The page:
M. Kasha. The Nature and Significance of n -. n* Transitions. In Light and Life (W. D. McElroy and B. Glass, eds.), pp. 31–64. Johns Hopkins University Press, Baltimore, Maryland (1961).Google Scholar
  36. 30.
    R. M. Hochstrasser and M. Kasha. Application of the Exciton Model to Molecular Lamellar Systems. Photochem. Photobiol. 3: 317 (1964).CrossRefGoogle Scholar
  37. 31.
    S. S. Brody and M. Brody. Spectral Characteristics of Aggregated Chlorophyll and Its Possible Role in Photosynthesis. Nature 189: 547 (1961).CrossRefGoogle Scholar
  38. S. S. Brody and M. Brody. Fluorescence Properties of Aggregated Chlorophyll In Vivo and In Vitro. Trans. Faraday Soc. 58: 416 (1962).CrossRefGoogle Scholar
  39. 32.
    K. Maruyama and A. Osuka. A Chemical Approach Toward Photosynthetic Reaction Center, Pure and Appl. Chem. 62: 1511–1520 (1990).CrossRefGoogle Scholar
  40. 33.
    G. N. Lewis. The Magnetochemical Theory, J. Am. Chem. Soc. 38:762 (1916); Chem. Rev. 1: 233 (1924).CrossRefGoogle Scholar
  41. 34.
    R. S. Mulliken. Interpretation of the Atmospheric Oxygen Bands; Electronic Levels of the Oxygen Molecule, Nature 122: 505 (1928).CrossRefGoogle Scholar
  42. 35.
    L. Herzberg and G. Herzberg. Fine Structure of the Infrared Atmospheric Oxygen Bands, Astrophys. J. 105: 353 (1947).CrossRefGoogle Scholar
  43. H. D. Babcock and L. Herzberg. Fine Structure of the Red System of Atmospheric Oxygen Bands, Astrophys. J. 108: 167 (1948).CrossRefGoogle Scholar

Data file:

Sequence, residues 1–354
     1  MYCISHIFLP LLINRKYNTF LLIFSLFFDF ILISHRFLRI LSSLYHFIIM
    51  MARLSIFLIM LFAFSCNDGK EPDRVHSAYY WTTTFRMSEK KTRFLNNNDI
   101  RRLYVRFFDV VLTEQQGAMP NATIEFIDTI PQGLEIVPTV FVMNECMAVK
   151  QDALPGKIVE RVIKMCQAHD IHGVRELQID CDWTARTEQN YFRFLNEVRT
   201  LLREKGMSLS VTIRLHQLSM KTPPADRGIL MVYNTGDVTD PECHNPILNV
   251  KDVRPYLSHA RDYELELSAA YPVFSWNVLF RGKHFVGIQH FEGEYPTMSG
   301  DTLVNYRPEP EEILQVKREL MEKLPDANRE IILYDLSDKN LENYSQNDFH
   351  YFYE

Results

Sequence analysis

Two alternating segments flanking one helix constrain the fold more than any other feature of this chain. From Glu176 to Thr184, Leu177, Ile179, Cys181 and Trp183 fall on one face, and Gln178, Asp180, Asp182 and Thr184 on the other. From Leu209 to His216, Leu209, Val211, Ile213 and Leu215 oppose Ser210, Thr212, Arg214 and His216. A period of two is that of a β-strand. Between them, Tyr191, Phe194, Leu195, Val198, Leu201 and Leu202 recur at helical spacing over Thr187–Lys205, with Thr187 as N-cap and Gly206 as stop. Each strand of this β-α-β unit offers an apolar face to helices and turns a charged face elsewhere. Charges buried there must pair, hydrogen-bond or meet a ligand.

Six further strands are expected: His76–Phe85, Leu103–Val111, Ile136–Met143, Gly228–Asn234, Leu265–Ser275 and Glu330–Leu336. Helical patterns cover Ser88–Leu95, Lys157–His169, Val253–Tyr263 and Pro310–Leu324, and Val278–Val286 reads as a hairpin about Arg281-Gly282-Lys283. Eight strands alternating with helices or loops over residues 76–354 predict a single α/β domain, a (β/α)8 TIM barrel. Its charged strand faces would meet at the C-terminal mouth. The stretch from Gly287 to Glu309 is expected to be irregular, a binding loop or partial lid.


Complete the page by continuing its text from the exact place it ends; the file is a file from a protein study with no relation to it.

44. 36.
    A. U. Khan and M. Kasha. The Red Chemiluminescence of Molecular Oxygen in Aqueous Solution. J. Chem. Phys. 39: 2105 (1963).CrossRefGoogle Scholar
  45. A. U. Khan and M. Kasha. Rotational Structure in the Chemiluminescence Spectrum of Molecular Oxygen in Aqueous Systems. Nature 204: 241 (1964).CrossRefGoogle Scholar
  46. 37.
    A. U. Khan and M. Kasha. Chemiluminescence Arising from Simultaneous Transitions in Pairs of Singlet Oxygen Molecules. J. Am. Chem. Soc. 92: 3293 (1970).CrossRefGoogle Scholar
  47. 38.
    E.g., A. Paul Schaap (ed.), Singlet Molecular Oxygen, 399 pp. Dowden, Hutchinson and Ross, Inc., Stroudsberg, Pennsylvania (1976).Google Scholar
  48. H. H. Wasserman and R. W. Murray (eds.), Singlet Oxygen, 684 pp. Academic Press, New York (1979).Google Scholar
  49. A. A. Frimer (ed.), Singlet 0 2, Vols. I-IV. CRC Press, Inc., Boca Raton, Florida (1985).Google Scholar